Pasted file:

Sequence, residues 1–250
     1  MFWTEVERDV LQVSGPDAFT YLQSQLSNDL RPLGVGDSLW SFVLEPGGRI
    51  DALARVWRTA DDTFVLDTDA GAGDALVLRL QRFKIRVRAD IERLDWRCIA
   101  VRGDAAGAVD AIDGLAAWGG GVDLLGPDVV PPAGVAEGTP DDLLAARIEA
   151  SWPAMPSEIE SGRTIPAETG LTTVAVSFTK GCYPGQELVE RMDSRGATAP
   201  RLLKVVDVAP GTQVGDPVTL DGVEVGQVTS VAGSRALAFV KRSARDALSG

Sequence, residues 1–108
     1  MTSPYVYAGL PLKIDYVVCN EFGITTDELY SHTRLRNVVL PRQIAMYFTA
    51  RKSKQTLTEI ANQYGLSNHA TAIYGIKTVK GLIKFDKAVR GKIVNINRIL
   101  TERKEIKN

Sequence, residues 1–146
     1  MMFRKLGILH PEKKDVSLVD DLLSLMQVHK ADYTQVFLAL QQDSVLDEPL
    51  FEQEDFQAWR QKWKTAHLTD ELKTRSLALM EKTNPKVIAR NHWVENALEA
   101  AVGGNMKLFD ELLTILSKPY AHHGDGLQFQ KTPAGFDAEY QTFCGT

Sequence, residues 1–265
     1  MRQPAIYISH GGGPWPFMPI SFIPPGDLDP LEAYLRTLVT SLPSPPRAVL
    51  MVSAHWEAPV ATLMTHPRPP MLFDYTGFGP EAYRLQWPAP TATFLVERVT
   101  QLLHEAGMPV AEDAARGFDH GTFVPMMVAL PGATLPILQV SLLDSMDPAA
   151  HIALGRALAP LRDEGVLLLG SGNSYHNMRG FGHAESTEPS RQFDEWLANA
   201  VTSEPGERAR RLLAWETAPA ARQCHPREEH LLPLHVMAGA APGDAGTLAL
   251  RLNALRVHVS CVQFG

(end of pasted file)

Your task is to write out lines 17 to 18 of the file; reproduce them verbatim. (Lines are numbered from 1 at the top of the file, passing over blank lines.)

    51  MVSAHWEAPV ATLMTHPRPP MLFDYTGFGP EAYRLQWPAP TATFLVERVT
   101  QLLHEAGMPV AEDAARGFDH GTFVPMMVAL PGATLPILQV SLLDSMDPAA